Fine, then deal with the criminals and leave the rest of us alone.

Seems like the statist answer to every problem is to restrict the liberties of law abiding people (because criminals, by definition, ignore laws).


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PostPosted: Tue Jun 21, 2011 11:03 am
 


The problem is how do you tell who is a criminal and who isn't when it comes to those carrying large sums of money out of the country? most law abiding citizens wouldn't need to carry cash in such large sums these days, electronic wire transfers make that unnecessary.


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PostPosted: Tue Jun 21, 2011 11:13 am
 


Dragon-Dancer Dragon-Dancer:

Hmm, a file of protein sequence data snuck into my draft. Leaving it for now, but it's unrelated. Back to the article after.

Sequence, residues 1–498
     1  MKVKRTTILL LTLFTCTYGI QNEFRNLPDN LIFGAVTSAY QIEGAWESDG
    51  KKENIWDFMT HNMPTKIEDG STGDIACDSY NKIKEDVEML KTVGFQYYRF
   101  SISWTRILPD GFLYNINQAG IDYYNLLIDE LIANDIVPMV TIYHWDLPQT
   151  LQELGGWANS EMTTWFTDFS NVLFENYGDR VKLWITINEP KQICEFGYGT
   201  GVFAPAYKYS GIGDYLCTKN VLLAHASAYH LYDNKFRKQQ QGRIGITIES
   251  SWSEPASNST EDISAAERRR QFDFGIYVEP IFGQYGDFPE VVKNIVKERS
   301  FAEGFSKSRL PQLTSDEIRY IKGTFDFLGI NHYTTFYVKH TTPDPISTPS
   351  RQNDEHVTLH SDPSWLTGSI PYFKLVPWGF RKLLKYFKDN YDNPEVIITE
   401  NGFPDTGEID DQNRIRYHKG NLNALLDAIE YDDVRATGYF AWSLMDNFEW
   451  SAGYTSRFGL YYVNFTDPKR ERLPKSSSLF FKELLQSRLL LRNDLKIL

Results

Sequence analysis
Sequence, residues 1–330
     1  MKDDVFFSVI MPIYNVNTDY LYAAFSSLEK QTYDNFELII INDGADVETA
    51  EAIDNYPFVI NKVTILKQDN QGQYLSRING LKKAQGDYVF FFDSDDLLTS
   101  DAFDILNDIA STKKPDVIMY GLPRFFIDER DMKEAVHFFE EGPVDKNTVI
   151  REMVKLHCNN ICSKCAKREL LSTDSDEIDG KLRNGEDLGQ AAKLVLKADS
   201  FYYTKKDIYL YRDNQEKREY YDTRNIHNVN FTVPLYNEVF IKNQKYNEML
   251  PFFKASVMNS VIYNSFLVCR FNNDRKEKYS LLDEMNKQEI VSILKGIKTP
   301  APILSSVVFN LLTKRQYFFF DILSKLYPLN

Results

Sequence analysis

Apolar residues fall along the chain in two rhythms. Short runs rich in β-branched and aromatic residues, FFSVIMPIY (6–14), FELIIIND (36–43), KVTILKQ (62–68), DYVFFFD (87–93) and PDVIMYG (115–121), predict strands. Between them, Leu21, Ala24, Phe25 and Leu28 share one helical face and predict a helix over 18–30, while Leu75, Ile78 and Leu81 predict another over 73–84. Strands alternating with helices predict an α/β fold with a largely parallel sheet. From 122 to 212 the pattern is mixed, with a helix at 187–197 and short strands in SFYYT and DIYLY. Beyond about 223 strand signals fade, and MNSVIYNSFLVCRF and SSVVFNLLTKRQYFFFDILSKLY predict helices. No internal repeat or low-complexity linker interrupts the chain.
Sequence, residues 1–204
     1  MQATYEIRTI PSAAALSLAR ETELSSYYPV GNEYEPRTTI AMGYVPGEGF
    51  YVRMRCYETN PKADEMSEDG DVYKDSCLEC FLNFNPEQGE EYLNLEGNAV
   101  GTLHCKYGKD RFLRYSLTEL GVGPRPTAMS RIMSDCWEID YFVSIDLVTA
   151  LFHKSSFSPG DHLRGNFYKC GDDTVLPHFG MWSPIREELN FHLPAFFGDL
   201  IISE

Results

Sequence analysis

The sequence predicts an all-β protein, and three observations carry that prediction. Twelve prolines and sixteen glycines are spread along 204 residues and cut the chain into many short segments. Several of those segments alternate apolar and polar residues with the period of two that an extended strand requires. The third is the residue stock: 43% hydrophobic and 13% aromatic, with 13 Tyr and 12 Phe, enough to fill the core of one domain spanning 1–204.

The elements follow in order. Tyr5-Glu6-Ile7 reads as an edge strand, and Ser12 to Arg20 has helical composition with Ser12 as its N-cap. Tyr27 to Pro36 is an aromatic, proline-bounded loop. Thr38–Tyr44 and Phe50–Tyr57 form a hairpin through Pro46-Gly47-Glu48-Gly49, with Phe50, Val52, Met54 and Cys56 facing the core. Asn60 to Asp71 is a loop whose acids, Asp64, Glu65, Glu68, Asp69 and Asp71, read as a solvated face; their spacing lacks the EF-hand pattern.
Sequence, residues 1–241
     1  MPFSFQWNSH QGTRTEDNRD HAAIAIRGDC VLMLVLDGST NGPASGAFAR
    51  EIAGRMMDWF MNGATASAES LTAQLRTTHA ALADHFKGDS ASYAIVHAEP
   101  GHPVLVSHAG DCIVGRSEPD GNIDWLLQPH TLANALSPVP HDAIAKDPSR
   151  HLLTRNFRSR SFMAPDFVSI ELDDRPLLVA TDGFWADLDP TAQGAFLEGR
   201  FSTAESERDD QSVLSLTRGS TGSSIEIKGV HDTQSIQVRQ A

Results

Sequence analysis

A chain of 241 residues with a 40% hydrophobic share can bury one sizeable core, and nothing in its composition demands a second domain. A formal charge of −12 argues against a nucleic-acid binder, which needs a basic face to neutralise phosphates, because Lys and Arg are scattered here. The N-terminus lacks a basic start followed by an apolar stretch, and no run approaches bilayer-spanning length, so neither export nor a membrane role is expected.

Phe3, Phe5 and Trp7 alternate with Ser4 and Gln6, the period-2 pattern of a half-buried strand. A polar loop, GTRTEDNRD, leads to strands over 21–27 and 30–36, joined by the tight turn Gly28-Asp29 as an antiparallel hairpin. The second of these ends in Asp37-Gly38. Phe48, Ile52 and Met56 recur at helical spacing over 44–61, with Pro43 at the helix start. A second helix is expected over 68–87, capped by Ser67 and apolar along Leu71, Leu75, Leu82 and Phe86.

The problem is how do you tell who is a criminal and who isn't when it comes to those carrying large sums of money out of the country? most law abiding citizens wouldn't need to carry cash in such large sums these days, electronic wire transfers make that unnecessary.


So the answer is to treat everyone like a criminal?

My answer to this is that unless law enforcement has probable cause to consider someone a criminal then it's none of their damn business how much money is in their wallet.